In this article, we’ll share our tips for photographing small birds with your digital camera and telephoto lens. This type of wildlife photography can be both challenging and rewarding.
Small birds, which often include songbirds, are a highly desirable species to photograph due to their striking colors and boisterous songs. It also means that, due to their size, they can be difficult to shoot so having the right equipment and settings can help enhance your image.
Small songbirds are our absolute favorite type of wildlife to photograph, and we have some useful techniques and tips to share on the subject. If you are willing to put in the work, capturing a sharp close-up of a small bird is very rewarding.
Capturing a frame-filling shot of a beautiful warbler is a truly amazing experience, and we want to help you accomplish this feat.
To successfully photograph small birds, you need to approach the task with suitable camera equipment, and specific camera settings that allow you to snap an extremely fast exposure.
The Right Camera Equipment
The camera you use, and more importantly, the camera lens you use, are crucial in being able to capture a close up shot of a small bird. A 400mm telephoto lens is often referred to as the bare minimum focal length for impressive bird photography images.
You may want to consider using a teleconverter to increase the magnification of your lens, but be aware that this will stop-down the f-ratio of your lens. This can be problematic when shooting in low-light situations, where you need every last bit of light-gathering power.
Any experienced wildlife photographer will tell you that when it comes to photographing small birds, the focal ratio of your lens is just as important as the focal length. A fast camera lens (F/4 or below) means that you can collect more light in a single shot.
As you speed up the shutter speed of your shots, the image becomes darker and darker. A lens with a fast f-ratio gives you much more control over the situation because you use a faster shutter speed that still allows enough light to reach the sensor for a well-exposed shot.
You may have heard the term, frames per second. This refers to the speed at which a camera can capture photos and can really make a difference in capturing a perfectly timed shot.
As technology continues to evolve, the frame rate for modern DSLR cameras continues to increase, but for comparison, our Canon EOS 7D Mk II shoots at 10 frames per second continuous shooting. A camera that is capable of shooting higher frames per second will provide more opportunity to get a shot of a small bird.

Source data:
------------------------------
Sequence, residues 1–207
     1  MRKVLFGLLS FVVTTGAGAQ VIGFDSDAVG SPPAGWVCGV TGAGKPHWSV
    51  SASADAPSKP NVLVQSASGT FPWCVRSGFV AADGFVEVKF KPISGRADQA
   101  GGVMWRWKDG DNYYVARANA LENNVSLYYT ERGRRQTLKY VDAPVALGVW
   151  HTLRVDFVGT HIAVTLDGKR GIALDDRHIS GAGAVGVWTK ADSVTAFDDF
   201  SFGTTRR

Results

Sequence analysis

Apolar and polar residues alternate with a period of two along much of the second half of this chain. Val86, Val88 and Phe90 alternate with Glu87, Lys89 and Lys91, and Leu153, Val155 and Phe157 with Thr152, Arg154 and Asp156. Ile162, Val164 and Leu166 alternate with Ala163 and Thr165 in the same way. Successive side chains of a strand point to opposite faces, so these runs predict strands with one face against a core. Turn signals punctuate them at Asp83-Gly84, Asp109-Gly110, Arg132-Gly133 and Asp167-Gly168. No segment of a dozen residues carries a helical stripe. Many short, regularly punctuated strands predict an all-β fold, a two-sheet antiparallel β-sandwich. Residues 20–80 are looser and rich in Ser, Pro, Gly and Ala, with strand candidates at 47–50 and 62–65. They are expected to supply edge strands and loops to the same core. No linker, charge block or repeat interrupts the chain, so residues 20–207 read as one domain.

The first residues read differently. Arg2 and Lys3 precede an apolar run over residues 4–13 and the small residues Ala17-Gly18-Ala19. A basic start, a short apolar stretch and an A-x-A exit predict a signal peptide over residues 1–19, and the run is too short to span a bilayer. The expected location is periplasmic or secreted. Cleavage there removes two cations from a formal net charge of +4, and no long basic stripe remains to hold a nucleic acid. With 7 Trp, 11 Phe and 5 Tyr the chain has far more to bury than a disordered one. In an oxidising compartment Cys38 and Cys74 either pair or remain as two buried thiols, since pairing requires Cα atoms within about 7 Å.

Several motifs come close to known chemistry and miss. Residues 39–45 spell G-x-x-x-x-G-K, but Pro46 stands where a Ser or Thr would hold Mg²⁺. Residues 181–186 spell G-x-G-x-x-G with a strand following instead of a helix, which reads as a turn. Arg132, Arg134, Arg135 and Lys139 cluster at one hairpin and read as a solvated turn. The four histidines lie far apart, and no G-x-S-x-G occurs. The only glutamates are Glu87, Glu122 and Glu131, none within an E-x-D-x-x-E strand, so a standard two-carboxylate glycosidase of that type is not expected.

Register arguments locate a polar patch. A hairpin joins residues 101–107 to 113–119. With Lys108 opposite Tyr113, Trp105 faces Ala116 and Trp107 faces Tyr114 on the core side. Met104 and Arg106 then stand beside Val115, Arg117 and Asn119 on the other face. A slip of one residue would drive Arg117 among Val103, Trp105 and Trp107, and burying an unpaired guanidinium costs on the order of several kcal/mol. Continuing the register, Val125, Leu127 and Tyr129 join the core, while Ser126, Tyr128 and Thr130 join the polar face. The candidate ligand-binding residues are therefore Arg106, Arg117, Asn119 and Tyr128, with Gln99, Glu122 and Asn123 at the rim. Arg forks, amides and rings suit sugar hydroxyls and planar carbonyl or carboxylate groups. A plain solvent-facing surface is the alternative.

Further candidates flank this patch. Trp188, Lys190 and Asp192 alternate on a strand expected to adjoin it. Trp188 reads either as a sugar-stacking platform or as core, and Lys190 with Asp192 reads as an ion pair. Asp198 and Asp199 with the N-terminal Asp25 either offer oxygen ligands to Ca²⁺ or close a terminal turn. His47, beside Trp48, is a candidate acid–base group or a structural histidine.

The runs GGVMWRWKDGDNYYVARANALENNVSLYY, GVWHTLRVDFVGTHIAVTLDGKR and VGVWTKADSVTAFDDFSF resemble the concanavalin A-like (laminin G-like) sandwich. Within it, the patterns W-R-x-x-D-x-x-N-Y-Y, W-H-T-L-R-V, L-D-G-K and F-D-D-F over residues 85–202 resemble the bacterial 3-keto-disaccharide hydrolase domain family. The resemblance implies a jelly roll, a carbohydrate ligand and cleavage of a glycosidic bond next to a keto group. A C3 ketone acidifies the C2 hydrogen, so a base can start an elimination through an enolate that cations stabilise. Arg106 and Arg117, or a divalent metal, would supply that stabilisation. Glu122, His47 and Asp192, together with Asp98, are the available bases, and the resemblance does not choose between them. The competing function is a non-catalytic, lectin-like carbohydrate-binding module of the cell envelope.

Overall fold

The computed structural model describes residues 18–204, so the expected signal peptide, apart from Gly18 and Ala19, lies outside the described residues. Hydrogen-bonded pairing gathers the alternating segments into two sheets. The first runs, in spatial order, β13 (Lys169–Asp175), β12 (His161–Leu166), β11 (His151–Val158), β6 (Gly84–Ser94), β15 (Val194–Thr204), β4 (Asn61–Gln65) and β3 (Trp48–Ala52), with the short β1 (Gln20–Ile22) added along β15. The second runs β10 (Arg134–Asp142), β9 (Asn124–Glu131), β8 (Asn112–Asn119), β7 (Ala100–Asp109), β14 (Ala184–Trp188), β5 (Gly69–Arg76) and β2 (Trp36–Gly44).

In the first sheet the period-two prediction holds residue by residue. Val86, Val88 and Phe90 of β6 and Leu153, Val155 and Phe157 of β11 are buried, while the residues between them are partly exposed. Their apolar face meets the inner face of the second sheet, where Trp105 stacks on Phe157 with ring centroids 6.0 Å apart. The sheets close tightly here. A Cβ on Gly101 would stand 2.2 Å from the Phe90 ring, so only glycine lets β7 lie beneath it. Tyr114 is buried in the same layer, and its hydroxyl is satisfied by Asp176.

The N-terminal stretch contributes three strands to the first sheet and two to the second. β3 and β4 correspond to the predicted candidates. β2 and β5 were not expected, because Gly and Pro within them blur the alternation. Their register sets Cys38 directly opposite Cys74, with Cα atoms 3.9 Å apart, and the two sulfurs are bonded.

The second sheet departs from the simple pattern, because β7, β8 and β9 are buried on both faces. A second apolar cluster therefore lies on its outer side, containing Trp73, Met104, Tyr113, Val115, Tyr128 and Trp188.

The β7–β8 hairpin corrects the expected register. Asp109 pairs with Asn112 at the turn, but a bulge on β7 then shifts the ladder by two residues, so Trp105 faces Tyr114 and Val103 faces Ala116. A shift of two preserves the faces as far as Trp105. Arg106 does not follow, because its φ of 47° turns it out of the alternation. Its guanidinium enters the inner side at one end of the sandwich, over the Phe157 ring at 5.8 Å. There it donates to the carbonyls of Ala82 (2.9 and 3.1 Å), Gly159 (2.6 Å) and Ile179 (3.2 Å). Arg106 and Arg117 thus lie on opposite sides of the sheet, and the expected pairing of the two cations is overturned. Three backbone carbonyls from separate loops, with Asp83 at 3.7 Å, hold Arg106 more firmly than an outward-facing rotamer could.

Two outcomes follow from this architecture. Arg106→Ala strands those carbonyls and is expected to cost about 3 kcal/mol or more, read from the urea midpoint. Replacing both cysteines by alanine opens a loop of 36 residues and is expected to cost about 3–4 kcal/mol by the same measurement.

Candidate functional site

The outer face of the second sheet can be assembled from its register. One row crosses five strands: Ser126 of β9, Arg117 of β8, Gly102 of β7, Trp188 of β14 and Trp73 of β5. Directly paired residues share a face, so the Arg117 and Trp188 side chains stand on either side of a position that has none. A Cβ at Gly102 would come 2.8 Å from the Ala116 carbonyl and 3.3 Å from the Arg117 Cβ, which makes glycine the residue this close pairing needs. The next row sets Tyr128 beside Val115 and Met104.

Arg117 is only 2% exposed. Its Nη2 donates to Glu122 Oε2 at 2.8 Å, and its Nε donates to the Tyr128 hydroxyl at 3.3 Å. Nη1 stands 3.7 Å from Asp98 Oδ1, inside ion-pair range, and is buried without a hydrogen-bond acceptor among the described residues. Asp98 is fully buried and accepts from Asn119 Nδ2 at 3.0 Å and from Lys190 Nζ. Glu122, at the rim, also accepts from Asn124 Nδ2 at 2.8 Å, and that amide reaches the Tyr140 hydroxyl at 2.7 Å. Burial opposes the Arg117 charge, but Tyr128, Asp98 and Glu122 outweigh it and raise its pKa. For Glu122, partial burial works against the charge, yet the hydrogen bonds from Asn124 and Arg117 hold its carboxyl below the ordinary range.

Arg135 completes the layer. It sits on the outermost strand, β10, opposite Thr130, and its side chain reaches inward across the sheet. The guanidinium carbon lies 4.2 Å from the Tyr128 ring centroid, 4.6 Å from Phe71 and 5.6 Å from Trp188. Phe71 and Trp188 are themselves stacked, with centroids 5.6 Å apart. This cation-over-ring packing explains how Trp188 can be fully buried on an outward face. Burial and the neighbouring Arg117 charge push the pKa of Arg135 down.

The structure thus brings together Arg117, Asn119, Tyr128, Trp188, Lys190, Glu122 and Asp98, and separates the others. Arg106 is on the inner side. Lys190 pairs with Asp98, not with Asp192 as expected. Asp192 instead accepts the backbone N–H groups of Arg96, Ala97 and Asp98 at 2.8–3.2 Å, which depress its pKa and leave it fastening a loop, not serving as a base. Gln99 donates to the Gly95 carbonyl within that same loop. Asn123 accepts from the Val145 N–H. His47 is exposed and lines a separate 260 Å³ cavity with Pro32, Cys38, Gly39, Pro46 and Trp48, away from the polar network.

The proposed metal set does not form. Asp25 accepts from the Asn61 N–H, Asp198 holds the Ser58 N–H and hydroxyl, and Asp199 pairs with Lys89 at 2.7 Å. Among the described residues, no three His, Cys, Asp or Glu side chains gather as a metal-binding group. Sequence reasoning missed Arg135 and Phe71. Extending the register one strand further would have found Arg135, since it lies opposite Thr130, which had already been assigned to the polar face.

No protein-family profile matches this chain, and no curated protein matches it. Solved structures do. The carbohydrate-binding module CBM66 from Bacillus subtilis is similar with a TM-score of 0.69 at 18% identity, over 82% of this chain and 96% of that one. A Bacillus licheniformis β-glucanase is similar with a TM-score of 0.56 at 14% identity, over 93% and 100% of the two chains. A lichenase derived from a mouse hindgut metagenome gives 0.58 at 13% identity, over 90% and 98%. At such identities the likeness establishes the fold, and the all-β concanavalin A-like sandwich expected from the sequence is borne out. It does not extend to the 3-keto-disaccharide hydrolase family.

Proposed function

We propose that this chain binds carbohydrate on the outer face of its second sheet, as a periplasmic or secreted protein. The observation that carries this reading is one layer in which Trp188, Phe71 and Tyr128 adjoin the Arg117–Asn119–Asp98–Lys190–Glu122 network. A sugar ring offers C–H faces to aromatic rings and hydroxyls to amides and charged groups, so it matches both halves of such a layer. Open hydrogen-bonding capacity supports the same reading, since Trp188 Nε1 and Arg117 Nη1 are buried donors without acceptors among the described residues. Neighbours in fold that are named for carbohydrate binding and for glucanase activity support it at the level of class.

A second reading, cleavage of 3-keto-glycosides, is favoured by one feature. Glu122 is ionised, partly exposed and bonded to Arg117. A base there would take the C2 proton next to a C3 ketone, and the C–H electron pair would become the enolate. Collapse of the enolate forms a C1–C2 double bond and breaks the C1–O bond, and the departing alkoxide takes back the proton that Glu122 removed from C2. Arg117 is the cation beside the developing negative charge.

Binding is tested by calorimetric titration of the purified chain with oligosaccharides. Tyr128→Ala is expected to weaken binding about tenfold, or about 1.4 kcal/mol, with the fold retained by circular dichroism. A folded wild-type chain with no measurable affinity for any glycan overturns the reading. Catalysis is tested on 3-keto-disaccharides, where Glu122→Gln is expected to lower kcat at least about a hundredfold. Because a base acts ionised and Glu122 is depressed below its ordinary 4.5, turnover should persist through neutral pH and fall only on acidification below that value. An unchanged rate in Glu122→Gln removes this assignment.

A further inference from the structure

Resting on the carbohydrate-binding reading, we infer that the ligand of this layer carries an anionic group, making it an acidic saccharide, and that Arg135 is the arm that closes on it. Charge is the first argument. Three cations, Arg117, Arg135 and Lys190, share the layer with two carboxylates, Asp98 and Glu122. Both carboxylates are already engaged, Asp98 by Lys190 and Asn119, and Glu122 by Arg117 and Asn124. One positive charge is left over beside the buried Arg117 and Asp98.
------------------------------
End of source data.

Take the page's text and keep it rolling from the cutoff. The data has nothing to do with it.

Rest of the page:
Perhaps more important than frames per second is the speed of focus for your camera (and lens). Newer cameras have options to set several focus points (65 focus points is not uncommon) for quick focusing capabilities. The Sony a7III has over 600 phase-detection focus points.
If you are having trouble keeping a fast-moving, small bird in focus, try using the AI Servo AF mode on your camera. This mode was specifically designed for moving subjects, and we have found it to be a lifesaver in many bird photography scenarios. It prioritizes moving subjects and predicts future movement. When you get this setting dialed in, you’ll wonder how you ever lived without it!
This can be especially helpful when tracking a fast-moving small bird, allowing you to refocus on your subject for a quick shot, and will work in tandem with your continuous shooting mode and frames per second.
Which Camera Lens to Use
Lenses vary a great deal in focal length, f numbers, and price. When looking at lenses for bird photography, specifically smaller songbirds, you will need an appropriate reach (or focal length) in order to keep an appropriate distance between you and your subject while still getting a close shot.
You may get lucky with a 200mm lens for bird photography, but capturing an up-close shot of a small bird at this range will be very difficult. The only way to get a clean shot at this focal length is for the bird to land extremely close to you (Less than 5 feet!). A prime telephoto lens of 300mm or more is recommended.
For us, mobility is the most important factor when birding and we would prefer to freehand shoot rather than being restricted to using tri or monopods. This means that 400mm is a great focal length to be able to maintain that freedom but still have a decent reach for bird photography.
We have found the Canon EF 400mm F/5.6L to be a fantastic lens for wildlife photography. It is not very heavy, which means you won’t get tired of carrying it around for a full day of birding. This lens is especially effective at capturing birds in flight.
Recommended Camera Settings
Since smaller birds generally move faster and more frequently than larger birds, the right camera settings and shutter speeds are important. Shutter speed affects the brightness of the photo but also the ability to capture action shots.
High shutter speeds of 1/1000 and above will freeze the bird in action, while birds in flight, and other fast action scenes, will require even faster shutter speeds. If your shutter speed is too slow, your bird will appear blurry in the photo.